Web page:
> > 
> > So, without any irony,  you could also take an industrially 
> designed 
> > tea-pot from the sixties as a starting point, asking 
> yourself whether 
> > we still want to be modern like that tea-pot wanted to 
> appeal to the 
> > aspirations of modernity present in the individuals taken 
> 'en masse' 
> > by the marketing machine of that time. And, certainly in graphic 
> > design, you must be engaged in a constant re-defining of 
> your personal 
> > style, taking different positions with regard to 
> whether/how you want 
> > your design to express a feeling of the contemporary, whether what 
> > makes your design look up-to-date is a 'modernist'projection or a 
> > nostalgic mirroring of a dissimulated past or a crack in 
> the surface 
> > of marketability or a replacement of all the 'or's'here 
> with an 'and'.
> > As such any question of modernity may be more of a design question, 
> > with or without taking up the threads of the problematic 
> status of the 
> > design/art terms. The question reformulated to you as a 
> designer would 
> > then perhaps refer (again back to what wasn't immediately 
> included) to 
> > the corpus of modernist design as an 'antique' authority to 
> be matched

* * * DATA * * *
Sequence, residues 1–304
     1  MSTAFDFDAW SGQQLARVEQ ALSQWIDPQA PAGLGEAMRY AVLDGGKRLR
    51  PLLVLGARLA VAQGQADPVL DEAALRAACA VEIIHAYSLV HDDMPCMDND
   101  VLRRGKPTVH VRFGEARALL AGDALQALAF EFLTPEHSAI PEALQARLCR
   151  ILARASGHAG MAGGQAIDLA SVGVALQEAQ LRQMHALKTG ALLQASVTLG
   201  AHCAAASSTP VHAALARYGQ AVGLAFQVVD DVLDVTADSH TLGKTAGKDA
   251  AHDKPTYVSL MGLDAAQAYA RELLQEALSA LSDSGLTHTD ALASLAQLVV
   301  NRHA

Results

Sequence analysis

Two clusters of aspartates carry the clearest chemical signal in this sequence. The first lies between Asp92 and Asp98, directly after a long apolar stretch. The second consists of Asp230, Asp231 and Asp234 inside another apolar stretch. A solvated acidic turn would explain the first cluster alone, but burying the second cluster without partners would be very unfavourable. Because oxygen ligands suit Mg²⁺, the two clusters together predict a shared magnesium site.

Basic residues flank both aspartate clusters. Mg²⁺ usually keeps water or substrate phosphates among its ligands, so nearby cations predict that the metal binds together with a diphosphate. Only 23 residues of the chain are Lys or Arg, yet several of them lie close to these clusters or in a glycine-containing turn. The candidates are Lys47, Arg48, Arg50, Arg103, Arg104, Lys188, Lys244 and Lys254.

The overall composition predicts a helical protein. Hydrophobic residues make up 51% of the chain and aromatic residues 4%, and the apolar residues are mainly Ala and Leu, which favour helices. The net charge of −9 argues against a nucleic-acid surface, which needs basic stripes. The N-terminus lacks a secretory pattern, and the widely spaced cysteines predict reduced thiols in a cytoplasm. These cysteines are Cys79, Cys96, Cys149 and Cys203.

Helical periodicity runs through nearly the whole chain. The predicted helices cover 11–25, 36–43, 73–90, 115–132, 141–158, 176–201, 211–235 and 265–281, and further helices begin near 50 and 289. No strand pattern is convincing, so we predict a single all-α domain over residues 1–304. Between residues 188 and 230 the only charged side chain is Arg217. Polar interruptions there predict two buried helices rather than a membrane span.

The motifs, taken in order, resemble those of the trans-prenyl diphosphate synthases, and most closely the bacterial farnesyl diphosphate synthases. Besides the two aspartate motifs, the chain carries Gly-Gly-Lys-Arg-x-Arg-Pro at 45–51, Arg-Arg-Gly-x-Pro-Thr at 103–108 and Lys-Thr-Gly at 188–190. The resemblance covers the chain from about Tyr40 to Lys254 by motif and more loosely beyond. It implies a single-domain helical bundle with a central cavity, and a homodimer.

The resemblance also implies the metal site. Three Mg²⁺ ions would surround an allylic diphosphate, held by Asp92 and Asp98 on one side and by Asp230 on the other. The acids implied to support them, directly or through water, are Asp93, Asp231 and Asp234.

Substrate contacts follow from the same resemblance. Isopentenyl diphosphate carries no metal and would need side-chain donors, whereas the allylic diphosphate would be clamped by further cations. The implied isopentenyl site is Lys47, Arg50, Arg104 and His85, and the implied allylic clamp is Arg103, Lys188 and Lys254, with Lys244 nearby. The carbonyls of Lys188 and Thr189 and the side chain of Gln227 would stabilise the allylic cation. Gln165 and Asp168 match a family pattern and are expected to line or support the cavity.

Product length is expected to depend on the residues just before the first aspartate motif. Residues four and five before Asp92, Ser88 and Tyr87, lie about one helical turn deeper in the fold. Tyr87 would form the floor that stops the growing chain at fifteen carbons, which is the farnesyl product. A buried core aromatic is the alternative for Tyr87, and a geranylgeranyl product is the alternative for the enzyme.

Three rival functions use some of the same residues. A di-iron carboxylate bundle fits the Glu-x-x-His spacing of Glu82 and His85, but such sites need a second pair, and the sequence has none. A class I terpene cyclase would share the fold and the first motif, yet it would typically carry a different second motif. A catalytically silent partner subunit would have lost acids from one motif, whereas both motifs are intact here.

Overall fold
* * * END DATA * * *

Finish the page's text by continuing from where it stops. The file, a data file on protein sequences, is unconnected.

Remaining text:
> > or emulated in your present work. Thus, do you think of 
> what you see 
> > from modernist design in that way?
> > 
> > Back in the art reservoir, i very much agree with Lucio's claim 
> > (strengthened by Christiane's doubt that present works can 
> be analysed 
> > in the suggested terms) that we are more interested in the 
> methods of 
> > the Moderns, recycling those as creative processes instead of 
> > attempting to dig up and take up the thread of their 
> motivations where 
> > post-modernism has buried them, or trying to emulate their 
> works like 
> > a capitalised Modernity/ Antiquity parallel would suggest.
> > 
> > There wasn't any capitalisation in the original question 
> though, more 
> > a redoubling of the abstraction suggesting that we are riding the 
> > hypermodern drive, referring to our modern aspirations as 
> an antique